Friday: With the two-hour time difference we woke up before the alarm. We had a full day of touring on the agenda. By boat we were going to visit both Angel Island State Park and Alcatraz. The reason we were visiting both was because me missed out on buying just Alcatraz tickets so we had to buck-up for the combined tour. It was actually a decent value considering the extras included.

We decided to walk to Pier 33 - a mile from our hotel. We wanted to look at Coit Tower / Telegraph Hill on our way. This was another encounter with a really long steep hill. We were tired and sweaty after climbing to the base of the building, but we were offered some great views. We found the best way down was to take the Greenwich Steps. We were thankful we were going down. The stairs were narrow and went on forever.

The trip to Angel Island allowed us to get some different angles on Alcatraz because of the boat's route. Once on Angel Island we received an hour guided tram tour that highlighted the natural beauty and military installations dating back to the Civil War era. Angel Island is considered the "Ellis Island of the West" since it was the second largest immigrant processing center in the country and served as a detention center during WWII. The hilly island offered wonderful views of San Francisco and the Marin County coastal towns. We had a decent lunch at the cafe on the island.

As we approached Alcatraz the first thought that came to our minds was "how are we going to avoid getting crapped on by those birds?" It was nesting season and there were so many birds flying around. Luckily we survived. Upon disembarkment a friendly park ranger "ordered" everyone to listen to her orientation - which was helpful.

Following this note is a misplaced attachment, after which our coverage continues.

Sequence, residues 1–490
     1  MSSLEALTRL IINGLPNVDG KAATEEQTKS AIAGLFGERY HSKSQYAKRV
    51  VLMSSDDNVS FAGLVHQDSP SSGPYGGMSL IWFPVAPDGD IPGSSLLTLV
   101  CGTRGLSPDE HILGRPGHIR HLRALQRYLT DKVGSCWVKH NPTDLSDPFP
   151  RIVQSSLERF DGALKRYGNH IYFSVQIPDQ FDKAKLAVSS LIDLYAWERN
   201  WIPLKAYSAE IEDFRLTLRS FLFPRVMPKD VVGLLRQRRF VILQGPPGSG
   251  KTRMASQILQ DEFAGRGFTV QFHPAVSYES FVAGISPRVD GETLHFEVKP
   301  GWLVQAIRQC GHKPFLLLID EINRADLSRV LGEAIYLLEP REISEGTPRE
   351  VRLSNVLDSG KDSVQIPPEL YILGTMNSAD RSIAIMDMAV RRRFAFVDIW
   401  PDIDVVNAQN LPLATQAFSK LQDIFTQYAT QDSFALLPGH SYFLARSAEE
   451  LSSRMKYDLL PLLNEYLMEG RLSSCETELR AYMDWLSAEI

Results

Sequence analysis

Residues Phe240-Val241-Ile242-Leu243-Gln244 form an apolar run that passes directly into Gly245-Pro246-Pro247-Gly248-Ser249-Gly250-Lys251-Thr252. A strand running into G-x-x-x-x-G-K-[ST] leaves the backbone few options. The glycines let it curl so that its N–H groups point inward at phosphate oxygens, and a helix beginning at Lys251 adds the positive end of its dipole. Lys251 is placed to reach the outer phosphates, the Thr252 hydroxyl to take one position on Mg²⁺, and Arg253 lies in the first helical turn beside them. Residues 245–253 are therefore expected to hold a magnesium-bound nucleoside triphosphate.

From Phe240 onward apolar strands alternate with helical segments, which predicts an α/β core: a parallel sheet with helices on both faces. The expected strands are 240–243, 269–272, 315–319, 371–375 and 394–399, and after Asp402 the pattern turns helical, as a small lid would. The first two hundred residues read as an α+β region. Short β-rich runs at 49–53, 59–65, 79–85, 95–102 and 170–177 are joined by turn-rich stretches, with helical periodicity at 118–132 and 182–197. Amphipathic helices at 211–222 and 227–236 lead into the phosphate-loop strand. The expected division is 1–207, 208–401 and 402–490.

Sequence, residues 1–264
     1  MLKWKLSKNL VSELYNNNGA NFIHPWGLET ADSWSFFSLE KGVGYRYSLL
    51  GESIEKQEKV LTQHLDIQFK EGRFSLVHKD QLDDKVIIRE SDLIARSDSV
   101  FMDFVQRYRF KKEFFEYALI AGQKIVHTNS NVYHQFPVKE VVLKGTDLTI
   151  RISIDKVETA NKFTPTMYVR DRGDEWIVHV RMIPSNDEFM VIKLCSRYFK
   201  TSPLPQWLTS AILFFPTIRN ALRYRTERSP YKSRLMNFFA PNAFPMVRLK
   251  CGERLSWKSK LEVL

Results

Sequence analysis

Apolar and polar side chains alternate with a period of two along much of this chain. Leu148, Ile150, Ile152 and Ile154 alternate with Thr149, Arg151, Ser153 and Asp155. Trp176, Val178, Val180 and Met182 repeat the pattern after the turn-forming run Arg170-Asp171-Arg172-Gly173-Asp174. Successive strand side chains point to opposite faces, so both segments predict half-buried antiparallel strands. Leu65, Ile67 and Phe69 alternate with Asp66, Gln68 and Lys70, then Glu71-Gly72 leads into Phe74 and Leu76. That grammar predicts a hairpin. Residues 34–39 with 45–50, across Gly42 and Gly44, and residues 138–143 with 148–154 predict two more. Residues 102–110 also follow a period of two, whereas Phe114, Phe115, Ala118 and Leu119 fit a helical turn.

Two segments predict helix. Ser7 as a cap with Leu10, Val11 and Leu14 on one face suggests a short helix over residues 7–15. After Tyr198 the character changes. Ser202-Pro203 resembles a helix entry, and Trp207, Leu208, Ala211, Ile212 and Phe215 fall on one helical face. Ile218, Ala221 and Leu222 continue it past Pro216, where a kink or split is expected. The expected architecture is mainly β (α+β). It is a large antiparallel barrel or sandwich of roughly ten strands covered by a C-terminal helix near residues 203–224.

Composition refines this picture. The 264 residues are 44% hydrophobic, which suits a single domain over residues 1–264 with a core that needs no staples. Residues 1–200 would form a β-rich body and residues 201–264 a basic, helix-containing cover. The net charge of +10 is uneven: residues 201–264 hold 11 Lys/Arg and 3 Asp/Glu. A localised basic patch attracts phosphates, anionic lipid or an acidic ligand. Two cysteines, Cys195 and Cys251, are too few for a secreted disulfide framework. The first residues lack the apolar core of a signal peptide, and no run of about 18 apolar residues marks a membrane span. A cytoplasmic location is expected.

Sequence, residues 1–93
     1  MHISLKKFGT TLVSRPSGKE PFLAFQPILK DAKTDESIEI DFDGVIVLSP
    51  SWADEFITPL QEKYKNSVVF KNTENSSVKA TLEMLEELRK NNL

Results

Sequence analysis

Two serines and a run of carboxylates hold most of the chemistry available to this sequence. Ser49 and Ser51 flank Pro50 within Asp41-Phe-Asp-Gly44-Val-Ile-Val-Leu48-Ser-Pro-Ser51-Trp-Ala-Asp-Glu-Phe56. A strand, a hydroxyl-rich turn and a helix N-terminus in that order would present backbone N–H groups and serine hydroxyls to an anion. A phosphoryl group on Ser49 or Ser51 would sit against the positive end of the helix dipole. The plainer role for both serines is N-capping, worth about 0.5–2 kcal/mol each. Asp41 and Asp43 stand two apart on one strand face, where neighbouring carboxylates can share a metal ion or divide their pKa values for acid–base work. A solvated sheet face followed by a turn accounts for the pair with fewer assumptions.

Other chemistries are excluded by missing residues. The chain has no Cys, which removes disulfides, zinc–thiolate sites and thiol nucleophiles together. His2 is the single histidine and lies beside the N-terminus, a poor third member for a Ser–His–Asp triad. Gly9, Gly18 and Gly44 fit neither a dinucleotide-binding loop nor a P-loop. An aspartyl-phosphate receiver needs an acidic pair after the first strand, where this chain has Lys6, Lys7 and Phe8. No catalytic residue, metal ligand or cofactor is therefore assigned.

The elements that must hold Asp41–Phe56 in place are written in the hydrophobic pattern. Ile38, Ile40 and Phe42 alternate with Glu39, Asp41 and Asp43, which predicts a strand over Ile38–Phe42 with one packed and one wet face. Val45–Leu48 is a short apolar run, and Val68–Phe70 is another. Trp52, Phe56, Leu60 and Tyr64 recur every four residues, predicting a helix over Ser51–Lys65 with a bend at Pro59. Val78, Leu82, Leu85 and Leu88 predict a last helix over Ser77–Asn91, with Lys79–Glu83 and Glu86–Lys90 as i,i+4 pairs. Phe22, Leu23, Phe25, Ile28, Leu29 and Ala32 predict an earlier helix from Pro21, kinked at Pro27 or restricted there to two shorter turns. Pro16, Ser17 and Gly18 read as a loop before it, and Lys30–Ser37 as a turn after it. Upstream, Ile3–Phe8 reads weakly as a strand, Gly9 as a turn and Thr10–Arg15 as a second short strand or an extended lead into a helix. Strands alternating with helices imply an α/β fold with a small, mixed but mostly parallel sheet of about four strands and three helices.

We jetted up the hill to beat the crowds for the prison audio-guided tour. The program was told as a narrative from the POVs of guards and inmates. We toured cells, solitary, the dining hall, intake, and the grounds where the employees lived. Interestingly enough, Alcatraz had a fort on the island before it was a prison.

When we arrived on mainland we went over to Pier 39 (against our better judgment). Good Friday with beautiful weather meant people were out in-force. We found refuge in a sushi restaurant and had beers and rolls. We escaped "The Pier" quickly and headed to a grocery store to pick up some things. We realized it would only be another .6 miles to get to Rogue's Public House (we went there in 2014) so off we went. After climbing the hills we swore we would cab to the hotel, but it was only .6 miles away. We walked it.

Dinner was a dress-up event. Restaurant Gary Danko did not disappoint. We enjoyed pre-drinks at the bar and excellent service the whole evening. Dave spilled something on his shirt and someone on staff noticed. A man discreetly delivered Shout stain wipes. Our meals were delicious and included all the little extras like an amuse bouche, little pastries with dessert, and take-home cakes. If we are back in SF we would not hesitate to visit again.

After dinner we went back to the hotel. With the time change and aggressive touring we were wiped out. The next day was shaping up to be just as busy.